In a communique released after the Third Plenum of the 18th Central Committee of the Communist Party, they also promised to establish a new “leading team” to design, coordinate and supervise “comprehensively deepening” economic reforms.
“The core issue is to properly deal with the relationship between government and market, and to let the market play a decisive role in allocating resources and to better perform the functions of the government,” the communique said, according to state media. It also pledged to “promote the modernization of the state’s governing system and governance ability,” a sign of President Xi Jinping’s determination to improve the way the party runs the country while not surrendering overall control.
But while it promised to promote the private sector, the Communist Party seemed to shy away from comprehensive reform of China’s massive and powerful state-owned enterprises. The communique stressed that “the basic economic system of the publicly owned economy . . . is an important pillar of Socialism with Chinese Characteristics.”
Many economists say China’s economic model is running out of steam and is far too reliant on government investment in infrastructure and a boom in credit. They are hoping to see measures to empower private entrepreneurs and encourage innovation, boost domestic spending on consumption and rein in free-spending local governments, but many worry that economic reforms will run up against powerful vested interests.
Tuesday’s communique seemed like a step in a new direction economically. But given that party leaders have talked about reforms for a decade and not implemented them, the statement appeared unlikely to convince the skeptics. Much may depend on the makeup of the team empowered to push through the changes and on the determination to overcome internal opposition.
“The Third Plenum has achieved a midway result,” said Chen Gong of the Anbound Consulting think tank in Beijing. “The fact that a leading team has been formed to deepen reforms shows a conclusion could not be reached over many issues at the meeting. It shows the complexity of the situation and the need to do a lot more work.”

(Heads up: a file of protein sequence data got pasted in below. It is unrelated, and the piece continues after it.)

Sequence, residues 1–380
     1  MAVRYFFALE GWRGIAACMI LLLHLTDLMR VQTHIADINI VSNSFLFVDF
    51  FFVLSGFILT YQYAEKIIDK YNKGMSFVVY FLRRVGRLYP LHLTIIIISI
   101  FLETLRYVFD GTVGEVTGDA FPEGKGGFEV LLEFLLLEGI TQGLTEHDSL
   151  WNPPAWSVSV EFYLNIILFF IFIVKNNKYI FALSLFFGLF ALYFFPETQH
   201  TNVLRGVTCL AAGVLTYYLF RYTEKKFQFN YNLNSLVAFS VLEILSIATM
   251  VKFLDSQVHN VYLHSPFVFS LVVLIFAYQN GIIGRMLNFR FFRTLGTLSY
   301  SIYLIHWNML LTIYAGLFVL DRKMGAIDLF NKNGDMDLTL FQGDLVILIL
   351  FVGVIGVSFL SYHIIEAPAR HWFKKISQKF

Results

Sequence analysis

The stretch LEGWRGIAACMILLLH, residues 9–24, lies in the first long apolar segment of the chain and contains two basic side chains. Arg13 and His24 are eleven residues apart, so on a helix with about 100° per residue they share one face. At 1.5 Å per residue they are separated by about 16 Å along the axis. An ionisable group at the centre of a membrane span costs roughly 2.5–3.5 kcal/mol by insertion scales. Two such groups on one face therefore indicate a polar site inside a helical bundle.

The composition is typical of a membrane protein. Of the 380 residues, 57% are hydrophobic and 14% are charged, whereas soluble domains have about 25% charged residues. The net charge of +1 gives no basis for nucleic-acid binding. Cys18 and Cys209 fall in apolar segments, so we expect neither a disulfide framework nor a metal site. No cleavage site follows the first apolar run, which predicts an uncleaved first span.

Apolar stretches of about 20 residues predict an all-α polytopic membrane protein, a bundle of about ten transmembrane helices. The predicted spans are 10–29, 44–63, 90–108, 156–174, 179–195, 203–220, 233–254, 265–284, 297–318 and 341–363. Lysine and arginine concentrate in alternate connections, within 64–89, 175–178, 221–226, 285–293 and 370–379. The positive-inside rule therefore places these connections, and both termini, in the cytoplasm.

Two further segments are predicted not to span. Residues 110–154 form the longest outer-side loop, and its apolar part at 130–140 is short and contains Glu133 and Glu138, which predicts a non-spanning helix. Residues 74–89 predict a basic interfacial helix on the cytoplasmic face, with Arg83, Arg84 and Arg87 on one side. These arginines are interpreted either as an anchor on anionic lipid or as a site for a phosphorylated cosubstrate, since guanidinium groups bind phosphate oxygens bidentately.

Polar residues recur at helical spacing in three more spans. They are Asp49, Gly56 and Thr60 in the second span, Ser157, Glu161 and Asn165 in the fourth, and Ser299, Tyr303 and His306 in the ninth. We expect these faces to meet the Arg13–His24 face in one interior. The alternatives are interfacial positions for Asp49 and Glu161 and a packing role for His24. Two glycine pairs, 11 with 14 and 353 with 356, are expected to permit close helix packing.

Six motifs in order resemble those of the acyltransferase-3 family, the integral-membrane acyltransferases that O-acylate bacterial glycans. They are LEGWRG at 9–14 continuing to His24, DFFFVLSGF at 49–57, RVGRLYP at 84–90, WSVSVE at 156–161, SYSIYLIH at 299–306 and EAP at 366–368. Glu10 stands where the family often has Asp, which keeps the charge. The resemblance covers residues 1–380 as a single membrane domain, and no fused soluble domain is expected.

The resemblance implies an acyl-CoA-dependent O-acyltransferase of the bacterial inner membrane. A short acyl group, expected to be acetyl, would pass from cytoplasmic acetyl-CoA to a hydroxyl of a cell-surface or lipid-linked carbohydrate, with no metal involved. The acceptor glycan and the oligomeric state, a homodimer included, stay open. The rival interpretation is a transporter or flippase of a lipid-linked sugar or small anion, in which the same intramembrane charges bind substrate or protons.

Chen welcomed the party’s recognition of the important role of the market but said reforms need to be negotiated with long-powerful groups. “The phrase ‘the government leads’ has been used a lot in the past, but now the government realized they don’t have enough resources to play the leading role in all areas,” he said. “But all of this is just setting a direction. We have to see how far it can go.”
Bill Bishop, publisher of the Sinocism newsletter, agreed that the recognition of the market’s role was a “big shift” and said the new committee to push through changes could be both “powerful and influential.”
While the communique represents a broad framework containing deliberate ambiguity, it could become an important document in pushing through economic reforms, Bishop said. “This is not something that is going to change overnight,” he said. “It is going to take months or years to effectively flow through the system.”
The communique also announced that China would grant more property rights to peasants, who are often forced off collectively owned land with minimal compensation in order to make way for development — a major source of social unrest. Similar promises were made a decade ago, and it remains to be seen whether there is more of an appetite to grapple with land reform this time, especially because land sales and property development are the main sources of funding for local governments.
“We need to let peasants equally participate in the modernization drive and share together the fruit of modernization,” the document said.
The party leaders emphasized improving the environment, which has been a major casualty of China’s dash for growth, and they promised to root out corruption, reduce income inequality and improve “governance,” a word used considerably more than in the past. The word “reform” was also mentioned 59 times, compared to 31 times in a similar document from the last such meeting five years ago.